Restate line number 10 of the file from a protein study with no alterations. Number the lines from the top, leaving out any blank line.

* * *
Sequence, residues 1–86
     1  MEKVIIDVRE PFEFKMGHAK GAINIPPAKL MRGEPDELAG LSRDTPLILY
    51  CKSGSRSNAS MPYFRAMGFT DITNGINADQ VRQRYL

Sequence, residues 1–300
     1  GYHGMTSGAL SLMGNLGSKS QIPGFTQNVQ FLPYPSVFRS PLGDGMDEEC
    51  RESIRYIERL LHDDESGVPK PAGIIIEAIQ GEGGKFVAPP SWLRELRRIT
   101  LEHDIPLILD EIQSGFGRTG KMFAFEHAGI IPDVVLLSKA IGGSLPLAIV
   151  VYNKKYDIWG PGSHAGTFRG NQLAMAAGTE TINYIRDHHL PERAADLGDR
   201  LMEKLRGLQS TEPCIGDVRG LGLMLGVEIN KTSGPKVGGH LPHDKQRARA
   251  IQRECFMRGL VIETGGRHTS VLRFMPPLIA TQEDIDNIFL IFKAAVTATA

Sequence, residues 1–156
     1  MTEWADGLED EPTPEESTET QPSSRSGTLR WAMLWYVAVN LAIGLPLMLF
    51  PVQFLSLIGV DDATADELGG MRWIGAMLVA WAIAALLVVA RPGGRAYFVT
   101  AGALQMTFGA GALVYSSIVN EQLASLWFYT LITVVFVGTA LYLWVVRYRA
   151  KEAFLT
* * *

   251  IQRECFMRGL VIETGGRHTS VLRFMPPLIA TQEDIDNIFL IFKAAVTATA